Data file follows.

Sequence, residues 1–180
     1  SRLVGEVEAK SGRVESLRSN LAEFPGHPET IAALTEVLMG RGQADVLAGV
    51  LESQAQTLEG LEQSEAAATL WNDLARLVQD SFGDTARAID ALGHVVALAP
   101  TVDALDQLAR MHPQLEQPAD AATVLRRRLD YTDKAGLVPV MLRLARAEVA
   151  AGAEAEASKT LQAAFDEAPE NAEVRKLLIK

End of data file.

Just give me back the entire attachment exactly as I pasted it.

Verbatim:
Sequence, residues 1–180
     1  SRLVGEVEAK SGRVESLRSN LAEFPGHPET IAALTEVLMG RGQADVLAGV
    51  LESQAQTLEG LEQSEAAATL WNDLARLVQD SFGDTARAID ALGHVVALAP
   101  TVDALDQLAR MHPQLEQPAD AATVLRRRLD YTDKAGLVPV MLRLARAEVA
   151  AGAEAEASKT LQAAFDEAPE NAEVRKLLIK